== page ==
Glacial periods are colder, dustier, and generally drier than interglacial periods. These glacial–interglacial cycles are apparent in many marine and terrestrial paleoclimate records from around the world. Ice core studies also confirmed a feature that researchers had already noticed in deep-sea cores: the glacial cycle followed a sawtooth curve. In each cycle, a spurt of rapid warming was followed by a more gradual, irregular descend back into the cold over tens of thousands of years.

A Climate Time Machine

Milankovitch combined the cycles to create a comprehensive mathematical model for calculating differences in solar radiation at various Earth latitudes along with corresponding surface temperatures. The model can be run backward and forward to examine past and future climate conditions. It was his belief that obliquity (Axial Tilt) was the most important of the three cycles for climate, because it affects the amount of insolation in Earth’s northern high-latitude regions during summer.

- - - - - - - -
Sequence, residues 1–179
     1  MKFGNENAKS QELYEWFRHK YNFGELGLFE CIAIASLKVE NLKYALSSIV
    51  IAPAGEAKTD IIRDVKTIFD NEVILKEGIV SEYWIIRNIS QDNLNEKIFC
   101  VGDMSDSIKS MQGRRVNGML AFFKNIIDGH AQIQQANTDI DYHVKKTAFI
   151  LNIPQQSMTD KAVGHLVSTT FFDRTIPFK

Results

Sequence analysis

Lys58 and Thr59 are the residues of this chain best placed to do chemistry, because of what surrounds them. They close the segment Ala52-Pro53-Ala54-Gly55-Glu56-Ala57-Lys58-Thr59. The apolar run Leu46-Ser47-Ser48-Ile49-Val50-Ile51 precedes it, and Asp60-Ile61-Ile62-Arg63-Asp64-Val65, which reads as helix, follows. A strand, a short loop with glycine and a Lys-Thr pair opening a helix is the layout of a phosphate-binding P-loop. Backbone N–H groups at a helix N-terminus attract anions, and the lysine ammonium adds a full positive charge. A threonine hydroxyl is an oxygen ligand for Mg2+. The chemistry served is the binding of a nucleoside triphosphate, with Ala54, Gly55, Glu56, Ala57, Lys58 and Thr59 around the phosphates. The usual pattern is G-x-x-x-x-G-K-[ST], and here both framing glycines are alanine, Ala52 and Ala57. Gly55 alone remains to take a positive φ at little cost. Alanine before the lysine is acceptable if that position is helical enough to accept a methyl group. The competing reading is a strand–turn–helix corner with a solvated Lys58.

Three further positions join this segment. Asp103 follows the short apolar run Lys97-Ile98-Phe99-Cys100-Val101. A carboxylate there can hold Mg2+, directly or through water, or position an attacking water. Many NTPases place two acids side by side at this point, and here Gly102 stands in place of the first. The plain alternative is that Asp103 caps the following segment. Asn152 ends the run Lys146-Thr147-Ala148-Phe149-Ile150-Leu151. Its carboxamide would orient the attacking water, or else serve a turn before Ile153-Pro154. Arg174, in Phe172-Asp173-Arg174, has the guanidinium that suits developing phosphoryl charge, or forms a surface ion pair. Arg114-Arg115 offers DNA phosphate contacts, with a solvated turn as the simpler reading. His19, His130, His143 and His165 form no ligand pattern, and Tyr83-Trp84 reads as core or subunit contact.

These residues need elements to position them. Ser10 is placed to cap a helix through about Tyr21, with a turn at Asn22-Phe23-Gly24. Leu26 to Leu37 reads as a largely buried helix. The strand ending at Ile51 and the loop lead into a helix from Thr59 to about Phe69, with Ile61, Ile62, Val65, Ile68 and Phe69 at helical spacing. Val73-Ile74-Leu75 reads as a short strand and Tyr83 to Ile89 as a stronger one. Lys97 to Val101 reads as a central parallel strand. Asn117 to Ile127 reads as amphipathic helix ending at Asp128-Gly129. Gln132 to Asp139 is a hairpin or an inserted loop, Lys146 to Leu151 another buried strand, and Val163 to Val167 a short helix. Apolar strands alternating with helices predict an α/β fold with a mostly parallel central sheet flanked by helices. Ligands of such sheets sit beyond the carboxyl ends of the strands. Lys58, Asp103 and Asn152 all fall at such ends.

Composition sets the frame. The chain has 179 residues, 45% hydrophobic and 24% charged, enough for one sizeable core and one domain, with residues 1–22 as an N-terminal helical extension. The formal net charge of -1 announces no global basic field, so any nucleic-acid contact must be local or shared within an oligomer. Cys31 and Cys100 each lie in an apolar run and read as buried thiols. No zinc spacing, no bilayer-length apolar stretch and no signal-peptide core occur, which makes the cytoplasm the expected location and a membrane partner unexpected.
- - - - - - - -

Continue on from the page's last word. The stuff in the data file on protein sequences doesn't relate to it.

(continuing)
Scientific research is ongoing to understand the Earth’s rotation mechanism and the Milankovitch cycles combination to affect climate. The theory that they drive the timing of glacial-interglacial cycles is well accepted.

The Consequences: Milankovitch vs. CO2 

(From Smithsonian Magazine) The concentration of CO2 in Earth’s atmosphere at Hawaii’s Mauna Loa Observatory past 415ppm in 2019. It has surpassed levels in the human history recorded in 800,000 years of data by more than 100 ppm.

We have learned that CO2 gas has green-house effect. Unless we do something about it, our planet is at the point of no return. Or, is it?